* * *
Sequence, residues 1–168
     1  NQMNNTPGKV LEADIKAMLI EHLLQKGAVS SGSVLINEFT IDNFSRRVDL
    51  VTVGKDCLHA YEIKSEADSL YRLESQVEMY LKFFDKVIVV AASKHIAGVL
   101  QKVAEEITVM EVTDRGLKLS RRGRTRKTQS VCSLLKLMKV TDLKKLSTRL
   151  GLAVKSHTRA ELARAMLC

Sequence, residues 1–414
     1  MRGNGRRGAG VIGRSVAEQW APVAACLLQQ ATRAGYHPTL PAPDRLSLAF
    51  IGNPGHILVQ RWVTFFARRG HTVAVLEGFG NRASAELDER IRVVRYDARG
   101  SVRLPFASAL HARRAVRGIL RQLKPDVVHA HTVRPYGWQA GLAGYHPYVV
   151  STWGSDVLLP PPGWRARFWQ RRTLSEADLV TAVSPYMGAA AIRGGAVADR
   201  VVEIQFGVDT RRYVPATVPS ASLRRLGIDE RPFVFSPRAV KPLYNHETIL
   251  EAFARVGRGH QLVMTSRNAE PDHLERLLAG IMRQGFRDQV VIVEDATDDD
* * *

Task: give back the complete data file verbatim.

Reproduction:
Sequence, residues 1–168
     1  NQMNNTPGKV LEADIKAMLI EHLLQKGAVS SGSVLINEFT IDNFSRRVDL
    51  VTVGKDCLHA YEIKSEADSL YRLESQVEMY LKFFDKVIVV AASKHIAGVL
   101  QKVAEEITVM EVTDRGLKLS RRGRTRKTQS VCSLLKLMKV TDLKKLSTRL
   151  GLAVKSHTRA ELARAMLC

Sequence, residues 1–414
     1  MRGNGRRGAG VIGRSVAEQW APVAACLLQQ ATRAGYHPTL PAPDRLSLAF
    51  IGNPGHILVQ RWVTFFARRG HTVAVLEGFG NRASAELDER IRVVRYDARG
   101  SVRLPFASAL HARRAVRGIL RQLKPDVVHA HTVRPYGWQA GLAGYHPYVV
   151  STWGSDVLLP PPGWRARFWQ RRTLSEADLV TAVSPYMGAA AIRGGAVADR
   201  VVEIQFGVDT RRYVPATVPS ASLRRLGIDE RPFVFSPRAV KPLYNHETIL
   251  EAFARVGRGH QLVMTSRNAE PDHLERLLAG IMRQGFRDQV VIVEDATDDD